It is challenging for program leaders to know all of the answers and to have complete content knowledge. In the course of the program youth leaders may be asked to support students with geometry homework related to the Pythagorean Theory, consider the theme and the protagonist in a Shakespearean play, coach and referee a soccer game, and finally talk with a youth about poor behavior choices. Is it any wonder that they don’t have 100% content knowledge? It is important that these program leaders be supported by their peers not only to facilitate their own learning but as a model for the best practices for working with youth.
One of the things you can implement in your program is intentional is peer-to-peer learning. Peer learning can encompass staff-to-staff and youth-to-youth learning. Actually, if you want your program leaders to implement peer-to-peer opportunities for youth it will be most effective if they have experienced it themselves. Consider asking more experienced staff to mentor and coach the newly hired, set up time for them to meet and talk through the challenges several times each week. Perhaps as the site coordinator you can engage two groups of youth in a physical activity while the leaders have a chance to work together. Connecting staff members to one another is a natural peer-to-peer endeavor. You can also support these peer-to-peer interactions by praising them at a staff meeting. Remember you will get what you support.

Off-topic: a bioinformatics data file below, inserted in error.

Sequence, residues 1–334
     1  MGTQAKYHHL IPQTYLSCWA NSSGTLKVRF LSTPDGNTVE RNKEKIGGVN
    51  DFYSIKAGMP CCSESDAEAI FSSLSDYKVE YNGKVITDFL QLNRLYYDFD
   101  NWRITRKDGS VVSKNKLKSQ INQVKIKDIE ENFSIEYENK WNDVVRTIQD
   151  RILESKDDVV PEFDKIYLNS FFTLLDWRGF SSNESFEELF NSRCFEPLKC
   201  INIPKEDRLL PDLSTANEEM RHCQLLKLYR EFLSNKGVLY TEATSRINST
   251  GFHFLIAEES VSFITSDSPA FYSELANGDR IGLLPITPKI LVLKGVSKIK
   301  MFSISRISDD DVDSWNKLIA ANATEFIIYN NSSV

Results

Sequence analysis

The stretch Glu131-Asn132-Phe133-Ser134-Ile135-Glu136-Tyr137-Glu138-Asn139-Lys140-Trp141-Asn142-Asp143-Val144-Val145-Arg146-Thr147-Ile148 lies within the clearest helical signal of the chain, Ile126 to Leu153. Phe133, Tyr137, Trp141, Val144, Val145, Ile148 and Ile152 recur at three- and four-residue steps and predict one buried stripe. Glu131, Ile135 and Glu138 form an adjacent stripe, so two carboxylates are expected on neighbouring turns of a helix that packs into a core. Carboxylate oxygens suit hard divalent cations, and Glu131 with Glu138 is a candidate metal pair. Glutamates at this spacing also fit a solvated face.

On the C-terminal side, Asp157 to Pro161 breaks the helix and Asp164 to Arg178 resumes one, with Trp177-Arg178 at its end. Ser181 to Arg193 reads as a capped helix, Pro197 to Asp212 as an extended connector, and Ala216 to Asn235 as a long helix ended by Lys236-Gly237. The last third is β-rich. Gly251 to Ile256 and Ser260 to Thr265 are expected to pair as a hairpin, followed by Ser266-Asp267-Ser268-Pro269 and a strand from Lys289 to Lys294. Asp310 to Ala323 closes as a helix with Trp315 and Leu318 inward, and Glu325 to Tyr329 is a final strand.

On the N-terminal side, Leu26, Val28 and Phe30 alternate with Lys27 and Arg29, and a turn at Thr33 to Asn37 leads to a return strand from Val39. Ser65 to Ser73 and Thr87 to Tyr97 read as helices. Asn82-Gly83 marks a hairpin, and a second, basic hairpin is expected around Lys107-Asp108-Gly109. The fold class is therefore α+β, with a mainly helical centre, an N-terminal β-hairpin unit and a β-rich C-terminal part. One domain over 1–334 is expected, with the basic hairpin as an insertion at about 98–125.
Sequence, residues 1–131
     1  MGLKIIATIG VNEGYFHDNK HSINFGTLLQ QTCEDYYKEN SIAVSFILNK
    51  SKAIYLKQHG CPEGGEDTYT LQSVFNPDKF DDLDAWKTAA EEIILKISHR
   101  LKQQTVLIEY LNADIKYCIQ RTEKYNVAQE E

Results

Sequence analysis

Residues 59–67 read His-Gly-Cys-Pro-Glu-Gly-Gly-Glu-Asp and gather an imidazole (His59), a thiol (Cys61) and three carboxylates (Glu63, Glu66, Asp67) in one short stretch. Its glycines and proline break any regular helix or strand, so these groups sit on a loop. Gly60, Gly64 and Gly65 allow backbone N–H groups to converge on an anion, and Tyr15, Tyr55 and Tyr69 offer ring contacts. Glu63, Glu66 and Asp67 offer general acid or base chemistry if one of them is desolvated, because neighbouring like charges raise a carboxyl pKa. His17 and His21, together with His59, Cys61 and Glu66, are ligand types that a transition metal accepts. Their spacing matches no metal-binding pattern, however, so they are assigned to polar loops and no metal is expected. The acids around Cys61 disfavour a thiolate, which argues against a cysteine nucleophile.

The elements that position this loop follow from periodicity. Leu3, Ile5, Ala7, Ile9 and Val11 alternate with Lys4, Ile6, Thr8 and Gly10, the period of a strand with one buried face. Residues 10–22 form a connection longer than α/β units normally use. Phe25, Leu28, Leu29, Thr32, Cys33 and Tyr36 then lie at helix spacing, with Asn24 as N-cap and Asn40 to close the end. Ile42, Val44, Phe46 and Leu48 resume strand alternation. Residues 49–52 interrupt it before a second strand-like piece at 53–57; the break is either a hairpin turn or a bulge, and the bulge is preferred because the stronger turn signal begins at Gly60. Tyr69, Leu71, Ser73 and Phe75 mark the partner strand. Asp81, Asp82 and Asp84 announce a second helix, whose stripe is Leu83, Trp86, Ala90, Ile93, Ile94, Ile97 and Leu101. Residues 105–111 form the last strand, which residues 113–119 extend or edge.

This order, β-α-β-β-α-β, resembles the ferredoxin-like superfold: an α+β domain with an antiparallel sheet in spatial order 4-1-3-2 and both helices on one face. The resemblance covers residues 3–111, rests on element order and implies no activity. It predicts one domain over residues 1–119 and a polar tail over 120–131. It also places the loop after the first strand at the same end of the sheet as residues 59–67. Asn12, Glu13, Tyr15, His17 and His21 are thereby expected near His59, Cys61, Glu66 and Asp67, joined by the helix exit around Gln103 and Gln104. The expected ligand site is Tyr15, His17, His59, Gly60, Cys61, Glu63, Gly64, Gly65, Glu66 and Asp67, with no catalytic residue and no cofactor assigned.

With kids, you can have peer-to-peer interactions through a process called Hear A Peer (check out our video on this topic) and you can also have cross-age groupings where younger children are supported by older youth. It will be easier for your staff to see the value of peer-to-peer support if they have experienced it themselves and can articulate the benefits of this type of support.
Check out C4K’s information on peer-to-peer learning and in particular, Hear A Peer